ing for you more than an hour in this
miserable village. Hut you don't seem
to bu very much elated by my coming.
Am I in the way of anything, young
".No, dear uucle , 1 am only on my
wuy to pay a visit."
"Oh, there's time enough for that.
Wc will order dinner at the hotel, and
incauwhile I can tell you about homo."
Alexander followed his uncle to the
hotel ; but while they sat talking on
the piazza it did not escape tho exper
ienced man of tho world that his
nephew was fitting on pins and nee
dles all tho timo. More amused than
vexed, ho suddenly changed the con
versation, and, by udroit questioning,
soon discovered that Alexander had
inado no acquaiutanco with the guests,
or with the resident families of rank
and fashion. "Then where tho devil
have you thrown your heart?" ho de
manded at last, somewhat peremptor
ily : "for it is evident you aro over
head and cars in love. Fooling your
timo away with bouic pretty peasant
girl, eh ?"
"Now my dear uncle"
"Tut, tut, whore's tho harm? Ono
must do somofhing to kill timo in such
u holo as this."
I don't seo why you call it n holo,"
said Alexander, feeling a little foolish,
and anxious to change tho conversation.
"I novor saw more beautiful scenory,
more roniantio"
"Quit your enthusiasm about beauti
ful sconory and rouiantio what-nots. I
have been borod to death in tho most
beautiful plaoo in tho world, where I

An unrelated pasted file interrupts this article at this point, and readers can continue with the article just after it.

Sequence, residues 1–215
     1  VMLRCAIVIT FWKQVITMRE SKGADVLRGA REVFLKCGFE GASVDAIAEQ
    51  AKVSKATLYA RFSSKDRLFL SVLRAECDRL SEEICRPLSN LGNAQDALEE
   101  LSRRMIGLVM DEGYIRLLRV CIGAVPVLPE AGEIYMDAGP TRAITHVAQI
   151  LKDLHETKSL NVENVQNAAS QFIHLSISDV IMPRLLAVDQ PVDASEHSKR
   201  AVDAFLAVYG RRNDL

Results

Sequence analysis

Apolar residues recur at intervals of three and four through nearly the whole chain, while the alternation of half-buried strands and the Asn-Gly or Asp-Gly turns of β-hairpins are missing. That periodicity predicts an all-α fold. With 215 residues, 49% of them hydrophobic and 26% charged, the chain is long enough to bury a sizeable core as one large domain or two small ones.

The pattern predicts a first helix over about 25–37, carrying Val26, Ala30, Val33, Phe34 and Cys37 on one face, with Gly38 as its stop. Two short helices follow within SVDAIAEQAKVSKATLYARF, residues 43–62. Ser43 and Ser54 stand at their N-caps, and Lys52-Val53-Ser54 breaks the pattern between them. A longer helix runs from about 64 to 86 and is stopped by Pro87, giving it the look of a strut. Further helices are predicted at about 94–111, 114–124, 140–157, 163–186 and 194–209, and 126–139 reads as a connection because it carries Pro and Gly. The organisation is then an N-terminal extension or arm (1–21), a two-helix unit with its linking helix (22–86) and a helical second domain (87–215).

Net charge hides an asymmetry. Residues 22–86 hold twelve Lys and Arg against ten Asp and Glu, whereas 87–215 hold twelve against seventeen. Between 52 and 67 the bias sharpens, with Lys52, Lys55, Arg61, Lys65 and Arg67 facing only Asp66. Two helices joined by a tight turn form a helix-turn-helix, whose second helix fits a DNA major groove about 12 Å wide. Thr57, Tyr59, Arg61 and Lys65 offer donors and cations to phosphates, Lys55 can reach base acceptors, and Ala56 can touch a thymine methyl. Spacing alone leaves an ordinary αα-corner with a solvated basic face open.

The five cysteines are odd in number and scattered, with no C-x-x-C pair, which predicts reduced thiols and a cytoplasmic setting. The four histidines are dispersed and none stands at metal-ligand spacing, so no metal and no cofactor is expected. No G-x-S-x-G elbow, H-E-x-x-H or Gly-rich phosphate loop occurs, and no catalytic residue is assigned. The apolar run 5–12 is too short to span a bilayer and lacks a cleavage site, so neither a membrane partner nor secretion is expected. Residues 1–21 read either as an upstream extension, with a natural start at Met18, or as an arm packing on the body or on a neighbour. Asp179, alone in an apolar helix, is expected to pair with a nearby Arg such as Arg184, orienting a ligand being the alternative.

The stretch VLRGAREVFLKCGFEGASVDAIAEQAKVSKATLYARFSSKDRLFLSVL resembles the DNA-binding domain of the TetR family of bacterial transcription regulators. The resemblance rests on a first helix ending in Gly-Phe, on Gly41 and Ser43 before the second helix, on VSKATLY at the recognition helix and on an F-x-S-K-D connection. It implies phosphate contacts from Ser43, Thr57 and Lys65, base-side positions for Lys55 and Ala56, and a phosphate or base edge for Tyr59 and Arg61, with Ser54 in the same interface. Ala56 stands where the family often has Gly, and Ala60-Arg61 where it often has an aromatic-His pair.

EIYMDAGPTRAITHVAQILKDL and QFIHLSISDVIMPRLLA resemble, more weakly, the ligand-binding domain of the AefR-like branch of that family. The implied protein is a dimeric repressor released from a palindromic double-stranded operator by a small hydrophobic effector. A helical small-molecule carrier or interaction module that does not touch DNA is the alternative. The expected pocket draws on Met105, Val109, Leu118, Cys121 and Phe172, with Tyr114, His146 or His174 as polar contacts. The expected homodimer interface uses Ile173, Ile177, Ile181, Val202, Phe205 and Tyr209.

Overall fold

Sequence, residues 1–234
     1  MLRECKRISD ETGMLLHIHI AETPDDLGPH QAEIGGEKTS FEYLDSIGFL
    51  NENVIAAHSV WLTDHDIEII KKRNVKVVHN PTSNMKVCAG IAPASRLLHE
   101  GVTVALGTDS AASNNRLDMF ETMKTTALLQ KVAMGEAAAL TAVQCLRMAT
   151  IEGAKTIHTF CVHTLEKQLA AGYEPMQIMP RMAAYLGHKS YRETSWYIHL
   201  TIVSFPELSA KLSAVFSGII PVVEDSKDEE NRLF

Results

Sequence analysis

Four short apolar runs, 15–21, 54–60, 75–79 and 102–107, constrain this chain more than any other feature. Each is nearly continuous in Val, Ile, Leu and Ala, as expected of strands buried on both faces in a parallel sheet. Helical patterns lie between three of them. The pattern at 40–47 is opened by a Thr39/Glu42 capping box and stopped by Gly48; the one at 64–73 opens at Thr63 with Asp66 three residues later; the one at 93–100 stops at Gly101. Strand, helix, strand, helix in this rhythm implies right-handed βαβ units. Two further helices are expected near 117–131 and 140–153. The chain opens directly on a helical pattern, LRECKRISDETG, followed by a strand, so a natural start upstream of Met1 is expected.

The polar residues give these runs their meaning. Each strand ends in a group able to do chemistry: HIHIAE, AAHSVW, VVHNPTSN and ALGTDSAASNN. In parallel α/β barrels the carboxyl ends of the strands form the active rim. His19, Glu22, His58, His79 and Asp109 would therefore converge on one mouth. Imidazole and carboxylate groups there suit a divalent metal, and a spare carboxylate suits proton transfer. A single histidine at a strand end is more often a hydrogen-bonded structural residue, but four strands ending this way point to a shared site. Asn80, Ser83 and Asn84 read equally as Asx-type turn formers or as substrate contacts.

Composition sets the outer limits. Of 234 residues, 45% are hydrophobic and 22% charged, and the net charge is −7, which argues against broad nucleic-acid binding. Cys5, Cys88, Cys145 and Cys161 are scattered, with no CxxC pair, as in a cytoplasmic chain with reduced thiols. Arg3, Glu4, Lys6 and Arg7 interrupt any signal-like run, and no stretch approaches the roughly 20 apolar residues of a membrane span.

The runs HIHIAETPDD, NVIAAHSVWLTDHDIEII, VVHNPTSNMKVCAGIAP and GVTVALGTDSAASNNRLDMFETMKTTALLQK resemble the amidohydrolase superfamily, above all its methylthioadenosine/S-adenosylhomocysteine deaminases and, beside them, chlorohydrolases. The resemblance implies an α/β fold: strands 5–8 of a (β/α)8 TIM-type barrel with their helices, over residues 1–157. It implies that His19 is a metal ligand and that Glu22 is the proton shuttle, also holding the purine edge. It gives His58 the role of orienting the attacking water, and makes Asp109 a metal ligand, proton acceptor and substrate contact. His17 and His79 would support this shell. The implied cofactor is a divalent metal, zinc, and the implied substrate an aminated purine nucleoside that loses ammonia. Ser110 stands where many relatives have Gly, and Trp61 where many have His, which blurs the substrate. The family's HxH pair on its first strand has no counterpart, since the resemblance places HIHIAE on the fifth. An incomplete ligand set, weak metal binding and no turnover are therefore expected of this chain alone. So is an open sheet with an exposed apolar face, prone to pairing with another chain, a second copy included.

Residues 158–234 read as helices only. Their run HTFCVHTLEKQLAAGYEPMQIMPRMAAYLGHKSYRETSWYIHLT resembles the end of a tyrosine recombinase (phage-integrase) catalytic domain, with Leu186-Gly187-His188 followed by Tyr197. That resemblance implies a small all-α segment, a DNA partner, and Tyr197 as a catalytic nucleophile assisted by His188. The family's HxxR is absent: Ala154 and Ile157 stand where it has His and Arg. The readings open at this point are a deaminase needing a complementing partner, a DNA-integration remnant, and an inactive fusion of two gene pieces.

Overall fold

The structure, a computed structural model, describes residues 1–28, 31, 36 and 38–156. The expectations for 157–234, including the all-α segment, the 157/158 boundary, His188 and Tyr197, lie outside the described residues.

could not find ptfoplo to my liking. I
shall loavo for Badon-Badon this eve
ninir, and leavo you to puisuo your
lovo affair till you aro tirod of it. It is
only a littlo past noon ; go to your in
amoraU, and return at fqur. Mean
while, I will tak'o n cigar, and amuso
myself os best I can."
Alexander was not slow to oboy.
There was something in his uncle's
tone and manner which made him feel
uncomfortable, and ho was glad to
make his way to the littlo cottage where
his quick eye had seen the peasant "girl
and her parents enter on their return
from church. The ftttnily were just
sitting down to their simple noonday
meal ; and he would have turned away,
for fear of causing annoyance, had not
tho daughter caught sight of him. Her
parents inado him heartily welcome,
and Mario ho now heard her name
for the first time placed a chair for
him nt tho table. Simple as the meal
was, the princo thought ho had never
made so pleasant a dinner. He was
charmed with the sterling good sense
and frankness of the old people, whose
respectful demeanor had nothing ser
vile or fawning ; and as for Marie, she
was all grace and perfection in the eye
of her adoring lover. After dinner,
coffee was served in the little garden ;
and Ihcre they sat in delightful conver
sation until Alexander was compelled
to keep his engagement with his uncle.
"Is that the young woman?" asked
uncle Dimitry, later in the day, catch
ing a blush on his nephew's cheek, as
Marie and her parents passed them, on
their way to afternoon service. "I must
say you show good taste. How long,
pray, have you known this wild flower ?"
".Since yesterday 1" replied Alexan
der, with a conscious look.
"Since yesterday 1" repeated the un
cle in astonishment ; "and to-day
courting in church, and a long visit at
the house I Quick work, I must say.
Your father wouldn't believe it, if I
were to tell him ; and to tell you the
truth, I hardly believe it yet myself,
you scape-grace."
Angered by the sneering tone in